May 102021
 

In the maelstrom of ongoing indie releases coming at us from every direction almost every month, it’s easy to overlook some of the older rums, or even some of the older companies. Secret Treasures is one of these — I had discovered their charms on the same trip where I found the first Veliers, all those long years ago, at a time when the concept of independent bottlers was a relatively small scale phenomenon. Back then I bought the company’s Enmore 1989, and both Grandma Caner and I liked it so much we polished off the thing in under a week, and started looking around for more.

Over the years I bought a few others, got a few samples and reviewed the few I scored, and then ownership changed.  The last rums Haromex (the new distributor) put out the door  before they changed the ethos of the brand was the twin St Lucian John Dore and Vendome pot still rums in 2014 and subsequent releases were radically different. The company and the Secret Treasures brand has faded from view since then, and few consider their rums great finds (when they consider them at all) as other, newer indies jostle for the place it once held (for a more complete historical picture, see below)

This is where I’m supposed to make some nostalgic Old Fart kind of comment where I wax rhapsodic about the long forgotten and unappreciated rums of yore, undisovered steals and diamonds in the rough which weren’t appreciated at the time by the aggressive young rum pros of today, blah blah blah.  Unfortunately, that’s not the case here. The rum – a Caroni, one of a few released – fell unaccountably short of the high bar set by Velier and other independents, and remains a forgotten, forgettable curiosity, noted more for the associated name than any intrinsic quality it possesses itself.

Let’s do the tasting, then, to demonstrate why somehow this thing falls down flat. The nose gives a promising indicator of things to come, but which don’t.  It immediately reeks of the characteristic petrol, tar and road asphalt in hot weather which so defines Caroni.  It is dry and sere and surprisingly hot for a near-standard-proofed rum (42% ABV), dark and with notes of sugar water, rubber, acetones, fruits – unripe red cherries and strawberries, pears and ripe green apples.  There is also a touch of vanilla and light molasses, but nothing strong or overpowering.

A salty sweet sugar water greets the tongue with warmth and firmness.  All the fleshy and watery fruits we’re familiar with parade around – pears, watermelons, white guavas, papaya, kiwi fruits, even cucumbers all take a bow.  A trace of olives and occasional whiff of strawberries and petrol are barely noticeable, so one can only wonder where, after such a promising beginning, they all vanished to. Eloped, maybe. Certainly they bailed and left the rum with nothing but memories and a good wish to lead to its inevitably disappointing denouement, which was short, breathy, light and watery, and barely registered some vanilla, brine, a fruit or two and exactly zero points of distinction.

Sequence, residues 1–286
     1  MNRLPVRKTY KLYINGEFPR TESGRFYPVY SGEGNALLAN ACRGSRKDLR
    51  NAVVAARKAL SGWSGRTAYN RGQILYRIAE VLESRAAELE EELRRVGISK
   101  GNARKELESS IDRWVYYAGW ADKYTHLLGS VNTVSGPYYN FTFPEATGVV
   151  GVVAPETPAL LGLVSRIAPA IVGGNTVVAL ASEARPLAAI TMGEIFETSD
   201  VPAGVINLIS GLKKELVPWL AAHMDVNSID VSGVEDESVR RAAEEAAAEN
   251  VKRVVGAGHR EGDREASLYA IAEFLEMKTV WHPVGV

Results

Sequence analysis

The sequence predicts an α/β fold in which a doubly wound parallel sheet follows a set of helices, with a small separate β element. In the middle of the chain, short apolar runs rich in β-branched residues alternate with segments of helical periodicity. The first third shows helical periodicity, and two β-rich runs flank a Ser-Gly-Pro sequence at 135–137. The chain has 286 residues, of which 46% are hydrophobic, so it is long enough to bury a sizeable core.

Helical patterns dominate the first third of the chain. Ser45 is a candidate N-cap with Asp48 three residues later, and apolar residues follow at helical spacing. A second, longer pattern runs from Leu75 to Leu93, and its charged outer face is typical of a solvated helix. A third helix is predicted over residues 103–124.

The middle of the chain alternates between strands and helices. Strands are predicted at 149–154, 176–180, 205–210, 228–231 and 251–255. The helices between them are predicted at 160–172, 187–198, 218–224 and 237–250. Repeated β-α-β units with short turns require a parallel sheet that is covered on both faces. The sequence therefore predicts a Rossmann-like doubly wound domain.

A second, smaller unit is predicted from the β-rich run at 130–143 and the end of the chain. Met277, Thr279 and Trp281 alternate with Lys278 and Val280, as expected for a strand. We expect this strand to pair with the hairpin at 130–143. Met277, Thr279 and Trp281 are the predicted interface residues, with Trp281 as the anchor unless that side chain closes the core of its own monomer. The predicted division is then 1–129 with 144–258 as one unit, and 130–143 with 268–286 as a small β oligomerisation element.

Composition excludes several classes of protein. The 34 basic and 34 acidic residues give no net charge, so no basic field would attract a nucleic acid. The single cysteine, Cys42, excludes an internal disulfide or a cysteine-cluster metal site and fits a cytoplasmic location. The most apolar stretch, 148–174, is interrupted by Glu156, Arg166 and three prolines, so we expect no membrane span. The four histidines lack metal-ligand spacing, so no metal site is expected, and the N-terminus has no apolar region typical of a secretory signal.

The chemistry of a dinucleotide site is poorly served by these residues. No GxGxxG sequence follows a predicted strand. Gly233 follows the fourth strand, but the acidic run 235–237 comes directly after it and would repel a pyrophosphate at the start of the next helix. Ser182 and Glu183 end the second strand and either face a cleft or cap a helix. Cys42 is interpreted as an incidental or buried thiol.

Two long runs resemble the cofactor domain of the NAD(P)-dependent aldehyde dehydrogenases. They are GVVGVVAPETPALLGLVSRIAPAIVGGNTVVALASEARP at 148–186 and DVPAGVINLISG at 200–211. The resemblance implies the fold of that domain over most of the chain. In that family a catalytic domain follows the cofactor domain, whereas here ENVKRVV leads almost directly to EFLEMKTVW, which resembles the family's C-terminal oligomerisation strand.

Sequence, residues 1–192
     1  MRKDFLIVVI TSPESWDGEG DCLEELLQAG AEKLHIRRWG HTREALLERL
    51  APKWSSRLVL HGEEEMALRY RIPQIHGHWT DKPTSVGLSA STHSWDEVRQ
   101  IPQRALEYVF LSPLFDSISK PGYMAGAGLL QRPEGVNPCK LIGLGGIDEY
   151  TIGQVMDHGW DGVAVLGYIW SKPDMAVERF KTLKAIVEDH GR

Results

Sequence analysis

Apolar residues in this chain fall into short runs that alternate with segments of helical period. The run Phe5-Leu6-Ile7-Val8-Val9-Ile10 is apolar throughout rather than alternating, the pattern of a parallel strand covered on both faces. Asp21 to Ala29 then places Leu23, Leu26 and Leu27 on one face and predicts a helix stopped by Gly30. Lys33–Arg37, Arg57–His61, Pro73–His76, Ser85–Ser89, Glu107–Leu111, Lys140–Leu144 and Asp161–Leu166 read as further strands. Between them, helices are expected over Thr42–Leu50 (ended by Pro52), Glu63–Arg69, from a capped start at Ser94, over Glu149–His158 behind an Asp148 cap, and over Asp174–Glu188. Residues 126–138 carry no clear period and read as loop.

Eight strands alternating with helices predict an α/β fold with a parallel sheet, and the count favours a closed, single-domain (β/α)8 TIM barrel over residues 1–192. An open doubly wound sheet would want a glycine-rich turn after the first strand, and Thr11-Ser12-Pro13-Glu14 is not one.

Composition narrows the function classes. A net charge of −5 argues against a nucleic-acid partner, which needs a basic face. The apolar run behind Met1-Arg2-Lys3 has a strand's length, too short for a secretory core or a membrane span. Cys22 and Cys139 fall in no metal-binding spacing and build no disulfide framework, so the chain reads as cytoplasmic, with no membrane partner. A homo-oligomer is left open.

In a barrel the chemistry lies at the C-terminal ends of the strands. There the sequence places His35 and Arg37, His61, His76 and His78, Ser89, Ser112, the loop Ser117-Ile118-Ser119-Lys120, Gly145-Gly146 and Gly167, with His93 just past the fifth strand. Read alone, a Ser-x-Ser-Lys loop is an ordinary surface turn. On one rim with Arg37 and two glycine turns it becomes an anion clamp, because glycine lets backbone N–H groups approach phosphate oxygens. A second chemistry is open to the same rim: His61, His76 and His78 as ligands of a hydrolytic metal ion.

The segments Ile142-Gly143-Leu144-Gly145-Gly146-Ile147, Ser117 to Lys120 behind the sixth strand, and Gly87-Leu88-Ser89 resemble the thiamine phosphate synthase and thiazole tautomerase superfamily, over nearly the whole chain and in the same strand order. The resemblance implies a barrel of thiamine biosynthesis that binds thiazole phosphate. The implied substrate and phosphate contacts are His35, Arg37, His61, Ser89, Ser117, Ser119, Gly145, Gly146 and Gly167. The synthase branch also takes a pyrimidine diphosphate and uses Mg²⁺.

Secret Treasures did put out a few really exceptional rums — their lack of marketing, lack of visibility and lack of distribution mostly relegated them to obscurity (the Enmore 1989 mentioned above is a case in point) — and as is usually the case with small volume bottlers, the outturn of the original line was somewhat hit or miss, and not everything they bottled was gold. This Trini rum was something of a waste of time, for example, weak, unfocused, undistinguished, practically anonymous.  Oh it was a rum all right, identifiable as a Caroni, just not much of one. Perhaps it should have been left in the barrels a few more years. Many more years. And then finished in sherry casks. And then spiced up. Then it might have had a profile I’d actually notice. But then again, maybe not. 

(#819)(78/100)


Other Notes

  • Outturn 1304 bottles.  Distilled 1996, bottled August 2003 in Switzerland. The unproven implication is that it was completely aged in Trinidad.
  • The Ultimate Rum Guide notes it as being a “West Indies Distillery” without further elaboration, and the accompanying photo is wrong. I’ve left them a note to that effect
  • Richard Seale remarked in a FB comment on this review, “Age is an important factor in the latter day success of Caroni. This one may also be blended with neutral spirit – this was a practice in Trinidad – blending an aged rum with neutral spirit but keeping the age claim!”

Historical background

Initially Secret Treasures was the brand of a Swiss concern called Fassbind SA (SA stands for Société Anonyme, the equivalent to PLC – the wesbite is at www.Fassbind.ch) — who had been in the spirits business since 1846 when when Gottfried I. Fassbind founded the “Alte Urschwyzer” distillery in Oberarth to make eau de vie (a schnapps). He was a descendant of Dutch coopers who had emigrated to Switzerland in the 13th century and thus laid the foundation for what remains Switzerland’s oldest distillery. 

They make grappa, schnapps and other spirits and branched out into rums in the early 2000s but not as a producer: in the usual fashion, rums at that time were sourced, aged at the origin distillery (it is unclear whether this is still happening in 2021), and then shipped to Switzerland for dilution with Swiss spring water to drinking strength (no other inclusions). In that way they conformed to the principles of many of the modern indies. 

Fassbind’s local distribution was acquired in 2014 by Best Taste Trading GMBH, a Swiss distributor, yet they seem to have walked away from the rum side of the business, as the company website makes mention of the rum line at all. Current labels on newer editions of the Secret Treasures line refers to a German liquor distribution company called Haromex as the bottler, which some further digging shows as acquiring the Secret Treasures brand name back in 2005: perhaps Fassbind or Best Taste Trading had no interest in the indie bottling operation and sold it off as neither Swiss concern has any of the branded bottles in their portfolio.